Ngozi Okonjo-Iweala: The Indomitable African Princess

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Excellence has a voice, a very loud one at that and can be heard even from the farthest distance. Most times, its strong African voice is heard solid and strong, ever unbeatable. Kudos to Mother Africa, the womb that has carried great warriors, super innovators and mind blowing reformations; extremely hardworking and yet never grows weary, undoubtedly confident and never conceited.  She has birthed great giants in our time who will not relent in making an indelible mark in the world.

One of these great  giants is this African princess whose voice is being heard beyond our great Continent; one that delights in breaking boundaries and in fact moving great mountains, and most of all making Africa proud. Always doing what she knows how to do best and even devotedly.

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She has fought the cause for Africa and has since gained the mastery, strong and determined by all standards or judgment. This great icon Ngozi Okonjo-Iweala was born into the royal family of Umu Obi Obahai of Ogwashi-Uku in Delta State, Nigeria and was educated at Harvard University where she graduated Magna cum laude with an A.B in 1977. She earned her Ph.D. in Regional Economic Development from the Massachusetts Institute of Technology (MIT) in 1981.

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This woman of excellence has made noticeable and extremely substantial reformations that have not only brightened her country but have touched the world in very obvious ways. Her first reception into the World Bank came through her internship program where she gathered enough experience and eventually gained strong footing when she was admitted into the team of the World Bank elites. She enjoyed a career boom in the World Bank as a development economist and was also the Vice President and Corporate Secretary. This work package included two tours of duty, the first six years working in the East Asia Region and then the last tour from 1997 to 2000. She worked as Country Director of Malaysia, Mongolia, Laos and Cambodia during the East Asian financial crisis and in the Middle East as the Director of Operations (Deputy Vice-President).  Okonjo-Iweala also served as the Director of Institutional Change and Strategy; a position that allowed her the opportunity to assist the implementation of the bank’s reform agenda. She contested for the World Bank presidency, and although she did not get there, she was never discouraged.

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In October 2005, this epitome of true leadership led the Nigerian team that struck a deal with the Paris club, a group of bilateral creditors, to pay a part of Nigeria’s external debt (US $12 billion) in return for an $18 billion debt write-off. Prior to the partial debt payment and write-off, Nigeria spent roughly US $1 billion every year on debt servicing, yet never made a dent in the principal owed.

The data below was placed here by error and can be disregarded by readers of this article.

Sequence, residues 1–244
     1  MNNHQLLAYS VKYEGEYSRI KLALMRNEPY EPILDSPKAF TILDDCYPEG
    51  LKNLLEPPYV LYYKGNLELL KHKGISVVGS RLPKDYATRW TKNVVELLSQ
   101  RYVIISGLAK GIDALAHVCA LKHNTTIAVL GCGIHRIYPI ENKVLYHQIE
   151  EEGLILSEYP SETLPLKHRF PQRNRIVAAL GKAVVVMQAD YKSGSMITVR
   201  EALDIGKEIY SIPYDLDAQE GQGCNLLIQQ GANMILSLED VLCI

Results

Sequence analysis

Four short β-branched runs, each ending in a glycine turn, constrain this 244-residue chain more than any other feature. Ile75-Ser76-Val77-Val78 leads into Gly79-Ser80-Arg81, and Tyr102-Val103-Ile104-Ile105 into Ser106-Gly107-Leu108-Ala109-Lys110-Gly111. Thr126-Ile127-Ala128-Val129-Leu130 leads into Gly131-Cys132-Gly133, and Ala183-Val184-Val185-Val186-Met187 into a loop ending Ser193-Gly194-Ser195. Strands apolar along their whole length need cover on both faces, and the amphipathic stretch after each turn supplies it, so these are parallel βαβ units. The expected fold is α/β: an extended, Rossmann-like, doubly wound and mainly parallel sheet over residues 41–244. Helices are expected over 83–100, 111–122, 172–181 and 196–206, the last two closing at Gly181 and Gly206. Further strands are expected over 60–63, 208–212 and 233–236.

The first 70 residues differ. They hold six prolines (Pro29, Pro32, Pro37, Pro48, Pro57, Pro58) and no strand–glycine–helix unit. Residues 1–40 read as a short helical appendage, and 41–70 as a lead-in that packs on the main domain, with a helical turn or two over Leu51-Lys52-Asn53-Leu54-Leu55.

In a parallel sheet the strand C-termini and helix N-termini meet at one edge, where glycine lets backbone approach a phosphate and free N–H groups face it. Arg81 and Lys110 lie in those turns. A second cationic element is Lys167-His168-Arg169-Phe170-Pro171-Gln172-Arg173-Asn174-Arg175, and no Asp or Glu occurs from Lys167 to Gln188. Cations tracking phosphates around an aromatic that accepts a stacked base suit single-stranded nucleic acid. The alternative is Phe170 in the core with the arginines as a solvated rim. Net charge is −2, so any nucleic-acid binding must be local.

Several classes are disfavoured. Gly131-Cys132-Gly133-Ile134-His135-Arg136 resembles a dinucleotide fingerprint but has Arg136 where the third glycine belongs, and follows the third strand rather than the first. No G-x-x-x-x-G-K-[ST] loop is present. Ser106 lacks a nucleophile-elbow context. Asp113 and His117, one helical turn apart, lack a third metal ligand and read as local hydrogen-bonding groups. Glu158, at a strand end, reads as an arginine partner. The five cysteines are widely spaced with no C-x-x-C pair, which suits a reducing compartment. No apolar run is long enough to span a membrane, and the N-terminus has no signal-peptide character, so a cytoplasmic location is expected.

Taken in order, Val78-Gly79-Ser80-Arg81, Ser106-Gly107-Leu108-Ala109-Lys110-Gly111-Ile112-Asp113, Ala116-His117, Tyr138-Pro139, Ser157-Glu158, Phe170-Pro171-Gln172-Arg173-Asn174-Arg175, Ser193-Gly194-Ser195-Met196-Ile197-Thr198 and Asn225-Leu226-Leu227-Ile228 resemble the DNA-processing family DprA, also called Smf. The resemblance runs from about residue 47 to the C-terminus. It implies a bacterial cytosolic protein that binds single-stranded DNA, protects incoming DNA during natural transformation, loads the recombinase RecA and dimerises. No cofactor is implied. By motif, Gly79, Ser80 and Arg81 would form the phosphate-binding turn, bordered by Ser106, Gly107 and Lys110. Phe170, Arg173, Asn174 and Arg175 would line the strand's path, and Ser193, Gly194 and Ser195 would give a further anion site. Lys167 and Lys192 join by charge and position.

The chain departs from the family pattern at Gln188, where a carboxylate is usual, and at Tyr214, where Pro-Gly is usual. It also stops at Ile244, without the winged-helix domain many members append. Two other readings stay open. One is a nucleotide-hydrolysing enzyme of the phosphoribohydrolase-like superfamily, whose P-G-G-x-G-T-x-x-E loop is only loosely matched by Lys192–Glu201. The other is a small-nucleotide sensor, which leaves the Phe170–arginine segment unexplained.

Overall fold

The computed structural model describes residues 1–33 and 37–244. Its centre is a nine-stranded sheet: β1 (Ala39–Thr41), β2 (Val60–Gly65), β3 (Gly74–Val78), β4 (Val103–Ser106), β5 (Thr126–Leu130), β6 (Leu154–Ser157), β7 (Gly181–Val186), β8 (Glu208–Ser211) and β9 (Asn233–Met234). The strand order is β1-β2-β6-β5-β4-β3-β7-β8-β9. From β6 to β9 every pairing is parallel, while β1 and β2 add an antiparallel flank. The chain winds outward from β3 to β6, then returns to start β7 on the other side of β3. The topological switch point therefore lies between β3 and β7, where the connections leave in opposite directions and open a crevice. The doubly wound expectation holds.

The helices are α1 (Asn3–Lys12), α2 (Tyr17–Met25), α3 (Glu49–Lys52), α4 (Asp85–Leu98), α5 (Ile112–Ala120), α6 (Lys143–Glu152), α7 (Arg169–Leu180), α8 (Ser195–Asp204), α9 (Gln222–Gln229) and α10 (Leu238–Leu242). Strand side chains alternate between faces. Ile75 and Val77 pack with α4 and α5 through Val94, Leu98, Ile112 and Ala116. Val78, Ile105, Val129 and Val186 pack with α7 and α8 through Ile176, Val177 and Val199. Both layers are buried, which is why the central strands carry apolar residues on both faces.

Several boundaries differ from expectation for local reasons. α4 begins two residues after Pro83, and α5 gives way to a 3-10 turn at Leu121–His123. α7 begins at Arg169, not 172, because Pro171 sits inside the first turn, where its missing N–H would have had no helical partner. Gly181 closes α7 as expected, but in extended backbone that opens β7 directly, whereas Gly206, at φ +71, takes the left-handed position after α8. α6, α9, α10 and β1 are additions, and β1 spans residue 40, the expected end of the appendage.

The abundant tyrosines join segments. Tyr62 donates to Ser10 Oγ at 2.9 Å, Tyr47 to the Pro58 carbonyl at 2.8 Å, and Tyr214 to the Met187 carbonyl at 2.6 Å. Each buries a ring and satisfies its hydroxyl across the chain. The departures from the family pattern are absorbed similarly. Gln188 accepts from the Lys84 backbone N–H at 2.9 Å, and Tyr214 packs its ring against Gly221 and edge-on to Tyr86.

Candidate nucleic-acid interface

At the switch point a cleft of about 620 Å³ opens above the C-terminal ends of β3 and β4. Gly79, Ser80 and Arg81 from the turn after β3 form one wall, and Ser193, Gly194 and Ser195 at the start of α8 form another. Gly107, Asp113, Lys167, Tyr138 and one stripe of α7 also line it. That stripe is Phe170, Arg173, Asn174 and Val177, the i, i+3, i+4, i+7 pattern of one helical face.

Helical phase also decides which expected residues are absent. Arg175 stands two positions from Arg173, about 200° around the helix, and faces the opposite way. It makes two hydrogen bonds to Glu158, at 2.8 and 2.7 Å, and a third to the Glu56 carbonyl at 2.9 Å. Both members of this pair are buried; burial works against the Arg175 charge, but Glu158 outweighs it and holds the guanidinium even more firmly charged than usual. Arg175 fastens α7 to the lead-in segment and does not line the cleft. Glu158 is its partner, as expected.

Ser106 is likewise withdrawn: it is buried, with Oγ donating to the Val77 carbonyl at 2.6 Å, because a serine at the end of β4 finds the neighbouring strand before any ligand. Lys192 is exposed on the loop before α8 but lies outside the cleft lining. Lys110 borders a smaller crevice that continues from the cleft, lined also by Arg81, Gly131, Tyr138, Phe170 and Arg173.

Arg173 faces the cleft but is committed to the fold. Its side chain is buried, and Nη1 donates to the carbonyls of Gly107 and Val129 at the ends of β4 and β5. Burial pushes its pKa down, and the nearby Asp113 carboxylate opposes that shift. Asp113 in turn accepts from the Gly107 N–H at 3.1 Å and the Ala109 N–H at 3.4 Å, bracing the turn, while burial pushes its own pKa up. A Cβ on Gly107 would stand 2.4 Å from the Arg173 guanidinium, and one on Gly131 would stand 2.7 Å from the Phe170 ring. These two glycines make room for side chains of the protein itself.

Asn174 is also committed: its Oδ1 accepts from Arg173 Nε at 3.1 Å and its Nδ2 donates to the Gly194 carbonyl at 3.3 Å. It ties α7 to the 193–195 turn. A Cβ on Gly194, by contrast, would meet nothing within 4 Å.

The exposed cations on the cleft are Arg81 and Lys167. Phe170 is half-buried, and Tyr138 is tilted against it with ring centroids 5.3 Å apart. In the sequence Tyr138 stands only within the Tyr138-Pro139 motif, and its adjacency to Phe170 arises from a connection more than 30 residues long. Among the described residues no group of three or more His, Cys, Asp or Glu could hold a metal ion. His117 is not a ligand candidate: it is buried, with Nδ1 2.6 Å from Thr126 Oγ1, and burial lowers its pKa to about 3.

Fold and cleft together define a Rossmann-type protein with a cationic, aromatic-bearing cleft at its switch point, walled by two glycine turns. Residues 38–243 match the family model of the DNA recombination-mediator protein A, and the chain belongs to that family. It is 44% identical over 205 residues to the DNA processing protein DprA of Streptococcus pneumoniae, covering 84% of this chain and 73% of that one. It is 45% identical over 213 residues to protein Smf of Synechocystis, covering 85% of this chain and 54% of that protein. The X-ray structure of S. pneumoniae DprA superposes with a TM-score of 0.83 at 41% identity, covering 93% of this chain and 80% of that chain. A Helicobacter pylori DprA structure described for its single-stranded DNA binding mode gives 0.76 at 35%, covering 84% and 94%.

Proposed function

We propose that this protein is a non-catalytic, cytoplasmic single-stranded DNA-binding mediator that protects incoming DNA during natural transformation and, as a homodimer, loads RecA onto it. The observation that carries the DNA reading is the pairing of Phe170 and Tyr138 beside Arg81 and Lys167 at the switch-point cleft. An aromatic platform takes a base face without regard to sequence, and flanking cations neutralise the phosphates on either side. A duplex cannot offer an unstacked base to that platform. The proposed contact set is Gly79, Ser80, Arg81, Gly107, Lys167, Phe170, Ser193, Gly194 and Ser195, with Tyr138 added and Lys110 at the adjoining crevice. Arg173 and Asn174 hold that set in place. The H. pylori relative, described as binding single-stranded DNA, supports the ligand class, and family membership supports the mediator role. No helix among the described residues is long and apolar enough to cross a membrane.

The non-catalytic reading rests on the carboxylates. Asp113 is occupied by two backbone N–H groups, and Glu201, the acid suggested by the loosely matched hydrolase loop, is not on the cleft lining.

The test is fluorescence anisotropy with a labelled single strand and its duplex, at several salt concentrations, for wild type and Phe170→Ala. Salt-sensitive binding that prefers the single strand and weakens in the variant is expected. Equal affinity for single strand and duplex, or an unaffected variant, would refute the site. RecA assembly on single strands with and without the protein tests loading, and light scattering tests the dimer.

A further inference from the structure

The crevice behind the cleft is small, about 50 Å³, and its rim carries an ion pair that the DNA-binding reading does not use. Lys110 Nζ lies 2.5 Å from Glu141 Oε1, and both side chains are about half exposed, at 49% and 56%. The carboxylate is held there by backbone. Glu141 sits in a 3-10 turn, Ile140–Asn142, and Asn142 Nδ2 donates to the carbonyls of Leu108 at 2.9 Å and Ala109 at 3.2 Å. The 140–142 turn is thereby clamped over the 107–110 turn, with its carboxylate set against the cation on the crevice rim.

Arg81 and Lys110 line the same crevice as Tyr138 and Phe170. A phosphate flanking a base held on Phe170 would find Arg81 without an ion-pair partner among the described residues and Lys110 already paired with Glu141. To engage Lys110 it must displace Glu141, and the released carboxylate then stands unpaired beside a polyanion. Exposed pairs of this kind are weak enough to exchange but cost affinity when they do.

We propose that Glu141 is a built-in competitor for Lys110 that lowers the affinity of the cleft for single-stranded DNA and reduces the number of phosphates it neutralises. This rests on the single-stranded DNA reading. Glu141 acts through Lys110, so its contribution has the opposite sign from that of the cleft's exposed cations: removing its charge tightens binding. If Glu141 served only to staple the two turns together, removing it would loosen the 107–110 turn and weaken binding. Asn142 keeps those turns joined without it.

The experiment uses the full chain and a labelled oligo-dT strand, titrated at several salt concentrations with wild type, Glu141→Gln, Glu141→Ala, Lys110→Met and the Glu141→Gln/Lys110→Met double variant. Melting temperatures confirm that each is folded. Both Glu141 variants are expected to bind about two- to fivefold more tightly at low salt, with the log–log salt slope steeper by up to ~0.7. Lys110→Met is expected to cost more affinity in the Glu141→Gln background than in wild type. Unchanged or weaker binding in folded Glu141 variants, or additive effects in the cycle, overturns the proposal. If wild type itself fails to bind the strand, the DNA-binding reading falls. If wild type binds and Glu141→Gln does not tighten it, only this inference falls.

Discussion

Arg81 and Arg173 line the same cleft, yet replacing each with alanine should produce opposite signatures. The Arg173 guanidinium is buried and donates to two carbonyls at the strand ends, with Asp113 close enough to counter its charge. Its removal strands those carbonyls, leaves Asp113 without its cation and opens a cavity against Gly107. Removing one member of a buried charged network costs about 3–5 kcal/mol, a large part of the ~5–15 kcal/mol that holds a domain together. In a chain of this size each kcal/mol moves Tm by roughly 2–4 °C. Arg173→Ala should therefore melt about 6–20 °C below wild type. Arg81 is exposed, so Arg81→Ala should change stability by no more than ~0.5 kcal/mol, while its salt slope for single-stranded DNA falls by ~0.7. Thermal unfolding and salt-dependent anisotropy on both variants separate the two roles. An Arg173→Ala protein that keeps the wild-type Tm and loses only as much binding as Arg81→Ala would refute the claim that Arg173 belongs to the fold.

It was through this great woman’s initiative that Nigerian States began the practice of publishing their monthly financial allocation from the federal government in the newspapers. This action went a long way in increasing transparency in governance. She was instrumental in helping Nigeria obtain its first ever sovereign credit rating (of BB minus) from Fitch and Standard & Poor’s.

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Her life and career took a new turn on October 4, 2007, when World Bank President Robert Zoellick appointed her to the post of Managing Director, effective December 1, 2007. This was after she resigned as Nigeria’s foreign minister in August 2006, following her sudden removal as head of Nigeria’s Economic Team; this I can tell was no work of chance but an orchestration of destiny.

In 2011, Okonjo-Iweala was reappointed as Nigeria’s Minister of Finance, but this time with the expanded portfolio of the Coordinating Minister for the Economy by President Goodluck Jonathan. This was definitely not an easy time for the Princess who was never one to fail in time of adversity; she took a lot of heat, for the fuel subsidy removal policy by the Nigerian government which led to Occupy Nigeria protests in January 2012.

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This African giant has a bag spilling over with great awards and Doctorates. She was awarded the Silverbird ‘Man’ of the Year in 2012, Euromoney Magazine Global Finance Minister of the Year in 2005, Time Europe Hero in 2004, This Day Nigeria Minister of the Year also in 2004 and then the prestigious award for Nigerian of the Year in 2006. She also got Honorary Doctorates from Trinity College, University of Dublin, Ireland and The Northern Caribbean University, Mandeville, Jamaica, to mention just a few.

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On July 11 2013, Africa will witness the presentation of the 2013 Economic Report of Africa by the Coordinating Minister for the Economy (CME) and Nigeria’s Minister of Finance, Dr. Ngozi Okonjo-Iweala in collaboration with the Centre for the Study of the Economies of Africa (CSEA). To assist her in the presentation, which holds at Transcorp Hilton Hotel, Abuja is Prof. Emmanuel Nnadozie, Director, Macro-Economic Policy Division of UNECA.The report which is the joint initiative of the United Nations Economic Commission for Africa (UNECA) and the African Union Commission (AUC) sees commodity-based industrialisation as an engine of growth for Africa, and focuses on taking advantage of Africa’s commodities to industrialise the continent in a bid to produce growth, jobs and economic transformation.

Valiant, fearless and truly indomitable, Ngozi Okonjo-Iweala stands as living proof that indeed, what a man can do, a woman…

4 COMMENTS

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